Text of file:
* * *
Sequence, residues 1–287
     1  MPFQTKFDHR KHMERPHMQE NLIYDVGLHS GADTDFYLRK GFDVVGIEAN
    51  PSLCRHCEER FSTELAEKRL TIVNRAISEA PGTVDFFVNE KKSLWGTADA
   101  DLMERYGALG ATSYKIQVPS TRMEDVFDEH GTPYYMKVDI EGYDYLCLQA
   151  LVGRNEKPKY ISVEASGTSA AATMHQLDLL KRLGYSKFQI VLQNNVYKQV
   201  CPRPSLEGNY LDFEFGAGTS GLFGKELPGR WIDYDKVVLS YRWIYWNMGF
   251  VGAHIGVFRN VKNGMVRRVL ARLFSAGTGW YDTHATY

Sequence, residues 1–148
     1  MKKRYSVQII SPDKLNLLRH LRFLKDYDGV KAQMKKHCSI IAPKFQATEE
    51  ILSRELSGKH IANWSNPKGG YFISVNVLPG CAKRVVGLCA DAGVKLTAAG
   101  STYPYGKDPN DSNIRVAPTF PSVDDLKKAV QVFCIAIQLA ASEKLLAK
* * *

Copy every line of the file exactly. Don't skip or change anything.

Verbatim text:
Sequence, residues 1–287
     1  MPFQTKFDHR KHMERPHMQE NLIYDVGLHS GADTDFYLRK GFDVVGIEAN
    51  PSLCRHCEER FSTELAEKRL TIVNRAISEA PGTVDFFVNE KKSLWGTADA
   101  DLMERYGALG ATSYKIQVPS TRMEDVFDEH GTPYYMKVDI EGYDYLCLQA
   151  LVGRNEKPKY ISVEASGTSA AATMHQLDLL KRLGYSKFQI VLQNNVYKQV
   201  CPRPSLEGNY LDFEFGAGTS GLFGKELPGR WIDYDKVVLS YRWIYWNMGF
   251  VGAHIGVFRN VKNGMVRRVL ARLFSAGTGW YDTHATY

Sequence, residues 1–148
     1  MKKRYSVQII SPDKLNLLRH LRFLKDYDGV KAQMKKHCSI IAPKFQATEE
    51  ILSRELSGKH IANWSNPKGG YFISVNVLPG CAKRVVGLCA DAGVKLTAAG
   101  STYPYGKDPN DSNIRVAPTF PSVDDLKKAV QVFCIAIQLA ASEKLLAK